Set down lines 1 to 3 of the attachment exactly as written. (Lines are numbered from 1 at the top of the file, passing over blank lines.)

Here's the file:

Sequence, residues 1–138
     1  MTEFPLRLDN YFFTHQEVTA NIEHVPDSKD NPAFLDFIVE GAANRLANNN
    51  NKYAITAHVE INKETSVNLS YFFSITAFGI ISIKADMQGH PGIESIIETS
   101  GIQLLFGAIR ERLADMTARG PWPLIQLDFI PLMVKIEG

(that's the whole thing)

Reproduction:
Sequence, residues 1–138
     1  MTEFPLRLDN YFFTHQEVTA NIEHVPDSKD NPAFLDFIVE GAANRLANNN
    51  NKYAITAHVE INKETSVNLS YFFSITAFGI ISIKADMQGH PGIESIIETS